Wednesday, March 9, 2011

LinkedIn Tips for Writers

If Twitter and Facebook are the social networks where writers can just "hang out," then LinkedIn is the one where writers can "network" and make meaningful connections. Some writers may even be able to make connections with editors (like myself) and agents.

Many writers may not use LinkedIn anywhere near as much as they use Facebook or Twitter, but I believe in making yourself easy to find. Having a completed and optimized LinkedIn profile could lead to connections with editors, event coordinators, and other writers.

Here are a few tips I've picked up over time on how to use LinkedIn:
  1. Use your own head shot for your avatar. I recommend this on all social networks, because people want to make "real" connections on these sites. It's hard to take a picture of a family pet or cartoon character seriously.
  2. Complete your profile. There are many steps to completing your profile, including completing your resume and getting a few recommendations from connections, which leads to the next tip...
  3. Give thoughtful recommendations to receive them. Have you read my golden rule post yet? Give if you wish to receive. The recommendations you write will make you feel and look better, but the recommendations you receive in return will truly rock your solar system. Of course, to make and receive recommendations, you'll need to...
  4. Search for connections you already have. These could be "real world" connections and/or connections from other social networks. The ones who are (or have been) most valuable to you are the best to make at first. Then...
  5. Make meaningful connections with others. Search for other writers, editors, agents, or whoever you think might benefit your writing career. But don't ever spam. Look for meaningful connections and include a note about why you're contacting them through LinkedIn. Remember: Social networking is about who you know, not how many.
  6. Accept invitations. While I think it's a good rule of thumb to be selective about who you invite to connect with you, I also don't see any harm in accepting invitations with abandon--unless they are obviously not a good fit. My reasoning here is that you never know why someone is contacting you. Of course, you can always kill the connection later if it's not working.
  7. Make your profile easy to find. If possible, work your name into your LinkedIn url. For instance, you can view my LinkedIn profile at Also, connect to your profile in blog posts (like this one) and on other social networks.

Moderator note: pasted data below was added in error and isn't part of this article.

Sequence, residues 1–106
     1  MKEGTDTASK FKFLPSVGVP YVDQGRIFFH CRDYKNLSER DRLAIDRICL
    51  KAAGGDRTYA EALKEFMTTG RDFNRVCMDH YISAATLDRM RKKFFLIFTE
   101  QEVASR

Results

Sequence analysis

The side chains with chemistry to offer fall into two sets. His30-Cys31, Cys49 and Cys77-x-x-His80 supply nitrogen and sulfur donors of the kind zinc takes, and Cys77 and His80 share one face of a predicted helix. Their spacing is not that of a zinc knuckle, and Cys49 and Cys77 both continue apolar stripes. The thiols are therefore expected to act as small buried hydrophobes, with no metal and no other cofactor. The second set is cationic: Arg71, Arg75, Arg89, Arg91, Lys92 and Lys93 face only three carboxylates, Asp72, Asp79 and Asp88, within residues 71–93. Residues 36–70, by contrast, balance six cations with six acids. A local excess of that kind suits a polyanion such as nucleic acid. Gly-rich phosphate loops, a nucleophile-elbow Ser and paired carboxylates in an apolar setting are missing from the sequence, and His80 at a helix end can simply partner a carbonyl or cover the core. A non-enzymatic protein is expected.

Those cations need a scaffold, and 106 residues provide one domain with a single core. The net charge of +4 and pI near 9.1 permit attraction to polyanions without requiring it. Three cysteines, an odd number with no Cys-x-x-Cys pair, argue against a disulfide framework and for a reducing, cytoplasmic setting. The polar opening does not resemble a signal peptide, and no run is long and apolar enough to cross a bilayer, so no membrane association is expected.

8. Tailor your profile to the visitor. It's easy to make me-centric profiles on social networks, because they're asking questions about you. However, remember that these descriptions are more beneficial to you if you're filling them out for the prospective connections you can make on social networking sites. As such...
  9. Update your profile regularly with useful content. You can feed blog posts into your profile easily, and that will keep your profile active. You can also update your status by feeding in tweets or Facebook updates, but I refrain from doing that myself. My reasoning is that my updates are slightly different for each place. However, I can make meaningful tweets and LinkedIn status updates simultaneously by simply adding an #in hashtag to the tweet in question.
  10. Join (and participate) in groups. Heck, start your own group if you feel so inclined. Of course, participating in groups will require an extra level of engagement with the site, so this last tip is more an extra credit assignment for those who want to unlock the full potential of LinkedIn.

Follow me on Twitter @robertleebrewer

Or connect with me on LinkedIn at

Or even connect with me on Facebook at


For more on social networking, check these out:

For more specifically on LinkedIn, check out:


Unknown said...

Nice post, Robert. Definitely gives me a few ideas. I noticed some former colleagues are starting to amass recommendations, no reason I can't jump in and write a couple.